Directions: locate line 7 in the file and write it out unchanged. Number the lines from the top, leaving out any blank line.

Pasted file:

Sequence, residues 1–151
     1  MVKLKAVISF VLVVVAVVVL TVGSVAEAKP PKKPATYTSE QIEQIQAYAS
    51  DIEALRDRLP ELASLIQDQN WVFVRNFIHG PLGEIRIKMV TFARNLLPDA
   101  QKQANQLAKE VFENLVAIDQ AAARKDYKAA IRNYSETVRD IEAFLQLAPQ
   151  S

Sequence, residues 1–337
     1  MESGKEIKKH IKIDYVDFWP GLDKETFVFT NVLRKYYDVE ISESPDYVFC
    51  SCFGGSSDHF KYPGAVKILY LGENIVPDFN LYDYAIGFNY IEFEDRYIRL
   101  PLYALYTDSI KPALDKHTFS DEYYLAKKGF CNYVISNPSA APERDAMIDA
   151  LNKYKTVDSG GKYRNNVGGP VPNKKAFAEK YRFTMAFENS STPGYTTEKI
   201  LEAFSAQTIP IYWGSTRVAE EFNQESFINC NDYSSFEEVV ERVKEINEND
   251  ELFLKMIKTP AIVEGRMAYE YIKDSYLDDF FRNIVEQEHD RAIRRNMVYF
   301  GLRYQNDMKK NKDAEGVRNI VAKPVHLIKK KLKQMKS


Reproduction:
     1  MESGKEIKKH IKIDYVDFWP GLDKETFVFT NVLRKYYDVE ISESPDYVFC